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C 133/38 EN Official Journal of the European Union 6.6.


Opinion of the European Economic and Social Committee on the ‘Communication from the
Commission to the Council, the European Parliament, the Economic and Social Committee and
the Committee of the Regions — The future of the European Employment Strategy (EES) “A
strategy for full employment and better jobs for all”’

(COM(2003) 6 final)

(2003/C 133/09)

On 14 January 2003 the Commission decided to consult the European Economic and Social Committee,
under Article 262 of the Treaty establishing the European Community, on the above-mentioned

The Section for Employment, Social Affairs and Citizenship, which was responsible for preparing the
Committee’s work on the subject, adopted its opinion on 4 March 2003. The rapporteur was Mr Koryfidis.

At its 398th plenary session on 26 and 27 March 2003 (meeting of 26 March), the European Economic
and Social Committee adopted the following opinion by 93 votes to five with three abstentions.

1. Introduction — National employment action plans (NAPs) are drawn up

by the Member States based on the guidelines.

1.1. At the end of 1997 the Luxembourg summit launched — The NAPs are evaluated in a joint report on employment
the European Employment Strategy (EES). The ambition was by the European Commission and the Council.
to achieve decisive progress within five years, especially in the
areas of long-term unemployment and youth unemployment.
Even before the entry into force of the Treaty of Amsterdam, — The next year’s guidelines are laid down on the basis of
this evaluation.
the summit initiated implementation of the new open method
of coordination, which is enshrined in Article 128, by ratifying
the first set of Employment Guidelines.
1.2.3. Since 2000, the Council, following a proposal from
the Commission, has published specific recommendations for
the Member States as a supplement to the Employment
1.2. Article 126 of the Treaty reaffirms national com- Guidelines.
petence for employment policy while also stating that employ-
ment is a common concern and inviting the Member States to
develop a coordinated strategy at EU level. 1.2.4. The ‘management by objectives’ approach was also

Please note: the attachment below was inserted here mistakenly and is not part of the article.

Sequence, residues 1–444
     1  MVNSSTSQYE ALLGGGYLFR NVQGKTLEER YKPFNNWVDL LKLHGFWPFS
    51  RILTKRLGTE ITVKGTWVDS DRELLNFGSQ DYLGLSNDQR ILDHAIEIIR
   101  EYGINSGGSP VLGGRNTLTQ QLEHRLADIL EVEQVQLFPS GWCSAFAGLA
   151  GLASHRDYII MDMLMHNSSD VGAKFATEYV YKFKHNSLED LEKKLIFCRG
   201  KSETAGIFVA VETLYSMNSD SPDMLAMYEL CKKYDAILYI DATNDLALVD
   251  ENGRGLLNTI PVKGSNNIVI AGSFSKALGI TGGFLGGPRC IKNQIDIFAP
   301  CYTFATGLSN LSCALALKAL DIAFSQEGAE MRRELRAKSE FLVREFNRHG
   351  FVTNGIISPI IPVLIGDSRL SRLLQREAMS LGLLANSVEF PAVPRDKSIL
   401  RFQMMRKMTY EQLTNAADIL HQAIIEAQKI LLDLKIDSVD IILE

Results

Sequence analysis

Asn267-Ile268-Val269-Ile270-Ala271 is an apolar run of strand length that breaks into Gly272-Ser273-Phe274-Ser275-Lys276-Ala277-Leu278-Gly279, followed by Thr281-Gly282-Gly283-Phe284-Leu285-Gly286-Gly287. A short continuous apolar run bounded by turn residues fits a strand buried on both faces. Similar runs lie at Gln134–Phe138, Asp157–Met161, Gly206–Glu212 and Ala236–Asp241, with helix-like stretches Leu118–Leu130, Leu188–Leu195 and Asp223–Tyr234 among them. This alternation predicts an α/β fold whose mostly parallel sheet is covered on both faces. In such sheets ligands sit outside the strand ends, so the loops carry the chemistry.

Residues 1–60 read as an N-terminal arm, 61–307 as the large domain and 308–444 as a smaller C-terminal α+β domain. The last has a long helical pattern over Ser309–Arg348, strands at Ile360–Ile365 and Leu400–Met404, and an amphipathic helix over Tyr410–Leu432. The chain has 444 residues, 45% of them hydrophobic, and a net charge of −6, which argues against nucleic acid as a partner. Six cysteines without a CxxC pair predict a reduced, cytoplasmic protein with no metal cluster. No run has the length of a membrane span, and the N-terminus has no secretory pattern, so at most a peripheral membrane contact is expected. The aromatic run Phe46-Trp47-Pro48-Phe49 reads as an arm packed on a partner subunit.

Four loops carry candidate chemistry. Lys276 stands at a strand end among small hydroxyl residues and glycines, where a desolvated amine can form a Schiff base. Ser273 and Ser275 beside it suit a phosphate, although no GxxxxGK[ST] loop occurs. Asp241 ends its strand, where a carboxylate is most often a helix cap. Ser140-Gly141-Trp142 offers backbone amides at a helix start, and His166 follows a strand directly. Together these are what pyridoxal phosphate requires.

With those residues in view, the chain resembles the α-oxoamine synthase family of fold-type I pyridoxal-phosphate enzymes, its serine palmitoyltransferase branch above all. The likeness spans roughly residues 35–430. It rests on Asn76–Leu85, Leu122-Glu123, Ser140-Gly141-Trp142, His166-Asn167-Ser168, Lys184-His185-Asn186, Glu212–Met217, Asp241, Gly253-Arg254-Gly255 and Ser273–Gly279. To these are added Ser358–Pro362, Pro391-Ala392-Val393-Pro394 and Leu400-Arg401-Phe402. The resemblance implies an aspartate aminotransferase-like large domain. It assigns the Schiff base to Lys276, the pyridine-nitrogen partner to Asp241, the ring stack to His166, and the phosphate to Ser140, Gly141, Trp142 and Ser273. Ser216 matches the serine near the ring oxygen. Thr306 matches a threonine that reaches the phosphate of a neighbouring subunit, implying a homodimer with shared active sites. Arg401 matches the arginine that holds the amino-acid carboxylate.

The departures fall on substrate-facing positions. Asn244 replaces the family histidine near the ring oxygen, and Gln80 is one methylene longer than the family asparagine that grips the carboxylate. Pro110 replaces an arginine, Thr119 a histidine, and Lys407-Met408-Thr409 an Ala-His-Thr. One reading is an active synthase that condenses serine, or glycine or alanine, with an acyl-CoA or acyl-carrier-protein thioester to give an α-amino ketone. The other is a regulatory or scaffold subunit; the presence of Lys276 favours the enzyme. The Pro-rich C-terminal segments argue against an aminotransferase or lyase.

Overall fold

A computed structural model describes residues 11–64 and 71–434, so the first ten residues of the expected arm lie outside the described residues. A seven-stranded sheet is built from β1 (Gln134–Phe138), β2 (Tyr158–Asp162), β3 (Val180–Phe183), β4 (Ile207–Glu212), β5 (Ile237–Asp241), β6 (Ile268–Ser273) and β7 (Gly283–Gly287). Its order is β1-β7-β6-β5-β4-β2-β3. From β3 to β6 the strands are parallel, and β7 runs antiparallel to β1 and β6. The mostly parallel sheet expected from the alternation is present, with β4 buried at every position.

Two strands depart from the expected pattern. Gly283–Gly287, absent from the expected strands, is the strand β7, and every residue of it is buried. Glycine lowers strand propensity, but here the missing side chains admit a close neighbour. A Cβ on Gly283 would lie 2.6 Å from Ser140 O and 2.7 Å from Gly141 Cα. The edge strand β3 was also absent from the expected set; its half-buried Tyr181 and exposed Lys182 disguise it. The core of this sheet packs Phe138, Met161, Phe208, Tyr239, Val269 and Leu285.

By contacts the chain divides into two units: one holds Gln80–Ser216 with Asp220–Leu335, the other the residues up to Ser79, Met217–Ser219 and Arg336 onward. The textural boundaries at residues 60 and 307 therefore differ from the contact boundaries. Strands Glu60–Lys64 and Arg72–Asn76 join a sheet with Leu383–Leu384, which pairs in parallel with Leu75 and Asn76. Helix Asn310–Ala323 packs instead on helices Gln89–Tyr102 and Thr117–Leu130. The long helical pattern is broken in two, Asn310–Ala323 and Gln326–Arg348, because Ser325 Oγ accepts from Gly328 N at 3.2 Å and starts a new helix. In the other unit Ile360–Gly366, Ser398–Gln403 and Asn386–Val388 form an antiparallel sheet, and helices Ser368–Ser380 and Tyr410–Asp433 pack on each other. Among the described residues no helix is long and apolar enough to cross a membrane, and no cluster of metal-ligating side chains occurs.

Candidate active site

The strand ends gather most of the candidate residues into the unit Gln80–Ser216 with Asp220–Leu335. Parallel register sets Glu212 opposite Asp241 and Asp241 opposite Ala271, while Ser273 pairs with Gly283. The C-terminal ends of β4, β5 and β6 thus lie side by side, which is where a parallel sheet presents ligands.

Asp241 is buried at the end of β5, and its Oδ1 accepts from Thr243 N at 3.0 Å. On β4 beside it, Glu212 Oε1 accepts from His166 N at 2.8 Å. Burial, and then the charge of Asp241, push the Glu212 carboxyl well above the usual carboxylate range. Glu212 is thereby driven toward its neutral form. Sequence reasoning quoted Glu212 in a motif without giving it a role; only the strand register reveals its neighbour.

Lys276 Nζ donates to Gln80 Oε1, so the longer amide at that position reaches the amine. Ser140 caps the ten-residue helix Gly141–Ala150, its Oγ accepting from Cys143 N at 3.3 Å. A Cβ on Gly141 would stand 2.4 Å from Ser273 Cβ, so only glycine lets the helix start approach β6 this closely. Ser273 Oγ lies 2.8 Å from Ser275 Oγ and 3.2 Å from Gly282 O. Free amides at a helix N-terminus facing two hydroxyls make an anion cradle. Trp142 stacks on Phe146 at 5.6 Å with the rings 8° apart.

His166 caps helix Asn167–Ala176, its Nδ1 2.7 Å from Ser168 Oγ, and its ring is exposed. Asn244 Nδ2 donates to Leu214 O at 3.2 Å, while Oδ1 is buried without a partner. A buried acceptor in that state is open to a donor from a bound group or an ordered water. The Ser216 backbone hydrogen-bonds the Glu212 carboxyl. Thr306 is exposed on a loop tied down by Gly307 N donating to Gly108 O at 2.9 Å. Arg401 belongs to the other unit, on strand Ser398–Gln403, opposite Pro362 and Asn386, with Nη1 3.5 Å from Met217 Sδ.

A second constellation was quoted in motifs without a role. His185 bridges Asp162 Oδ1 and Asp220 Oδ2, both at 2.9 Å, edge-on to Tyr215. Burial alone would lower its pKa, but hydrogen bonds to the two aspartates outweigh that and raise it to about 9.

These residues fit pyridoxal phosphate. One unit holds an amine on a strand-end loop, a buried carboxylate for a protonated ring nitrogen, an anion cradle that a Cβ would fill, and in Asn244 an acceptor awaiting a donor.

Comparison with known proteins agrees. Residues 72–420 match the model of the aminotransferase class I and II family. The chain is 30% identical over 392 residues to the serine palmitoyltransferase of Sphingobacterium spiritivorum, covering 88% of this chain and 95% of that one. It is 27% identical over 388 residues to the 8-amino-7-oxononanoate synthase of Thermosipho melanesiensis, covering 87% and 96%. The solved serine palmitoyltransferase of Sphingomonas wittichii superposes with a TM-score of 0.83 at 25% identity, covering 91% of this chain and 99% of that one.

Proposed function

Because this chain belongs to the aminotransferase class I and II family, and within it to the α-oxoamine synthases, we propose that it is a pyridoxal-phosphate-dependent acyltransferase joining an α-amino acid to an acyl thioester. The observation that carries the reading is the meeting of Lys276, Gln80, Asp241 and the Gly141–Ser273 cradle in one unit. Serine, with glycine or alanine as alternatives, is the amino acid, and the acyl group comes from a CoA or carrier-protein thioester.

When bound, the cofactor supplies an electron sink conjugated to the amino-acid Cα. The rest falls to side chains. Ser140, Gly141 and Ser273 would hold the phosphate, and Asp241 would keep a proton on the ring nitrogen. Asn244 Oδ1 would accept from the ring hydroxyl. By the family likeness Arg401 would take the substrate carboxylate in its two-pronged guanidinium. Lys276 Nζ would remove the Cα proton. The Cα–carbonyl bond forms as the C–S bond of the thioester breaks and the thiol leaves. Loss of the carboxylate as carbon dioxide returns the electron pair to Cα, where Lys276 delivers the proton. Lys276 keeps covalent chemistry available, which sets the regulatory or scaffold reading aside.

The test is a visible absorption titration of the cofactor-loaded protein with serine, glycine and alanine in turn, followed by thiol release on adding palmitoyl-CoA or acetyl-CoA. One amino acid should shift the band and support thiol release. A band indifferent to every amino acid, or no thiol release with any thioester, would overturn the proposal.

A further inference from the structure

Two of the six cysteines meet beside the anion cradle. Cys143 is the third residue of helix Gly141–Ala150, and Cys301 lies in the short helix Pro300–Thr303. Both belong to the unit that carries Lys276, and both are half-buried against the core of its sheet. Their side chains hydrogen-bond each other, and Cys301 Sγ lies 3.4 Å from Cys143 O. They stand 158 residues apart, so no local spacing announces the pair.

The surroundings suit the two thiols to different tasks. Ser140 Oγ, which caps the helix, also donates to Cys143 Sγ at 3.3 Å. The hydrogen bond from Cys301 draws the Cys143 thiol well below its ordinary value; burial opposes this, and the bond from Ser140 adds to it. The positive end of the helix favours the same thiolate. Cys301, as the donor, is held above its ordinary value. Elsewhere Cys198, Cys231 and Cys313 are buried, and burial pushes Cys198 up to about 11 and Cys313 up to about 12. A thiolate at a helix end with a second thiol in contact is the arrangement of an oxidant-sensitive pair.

backed up with measurable targets at European and national
level in many areas and with the progressive development of
agreed statistical indicators to measure progress.
1.2.1. Largely inspired by the Treaty provisions on coordi-
nation of economic policy ( 1) and by the coordination of
employment policies which began at the Essen European
Council in 1994, the new Article 128 laid down the framework 1.2.5. Synchronising the Luxembourg process with the
for the development of national employment policies based process of coordinating the broad economic policy guidelines
on the EU’s common priorities and interests. constitutes the new framework for implementation of the new

1.2.2. According to this new framework, policy coordi- 1.2.6. Since the very start, the EESC gave effective sup-
nation is achieved on the basis of a ‘management by objectives’ port (2) for the preparatory work that led to adoption of the
approach. More specifically, this involves the following steps: European employment strategy. Since then it has been
involved, always actively, in formulating the guidelines and
more generally in assessing and shaping the European employ-
— The Employment Guidelines are decided each year by ment strategy (3).
the Council following a proposal by the European

(2 ) OJ C 19, 21.1.1998.
(3 ) OJ C 209, 22.7.1999, OJ C 368, 20.12.1999, OJ C 14, 16.1.2001,
( 1) Treaty Articles 98 and 99. OJ C 36, 8.2.2002.
6.6.2003 EN Official Journal of the European Union C 133/39

2. The Commission Communication — specific messages addressed to the social partners;

— the definition of appropriate targets.

2.1. In the Communication from the European Com-
mission, the EES is singled out as being a key tool to meet the
ambitious Lisbon objectives of full employment, quality in 2.5. The three overarching objectives of employment policy
work and social inclusion/cohesion through employment. associated with the Lisbon strategy are:

— full employment;
2.2. However, it is pointed out that, in order to be effective,
— quality and productivity at work;
the EES will have to be articulated with a range of other
policies which are well established and Treaty based, as in the
case of the Broad Economic Policy Guidelines, or more recent, — cohesion and an inclusive labour market.
such as in the area of education and training, entrepreneurship,
social inclusion, pensions and immigration.
2.6. The priorities proposed by the Commission as being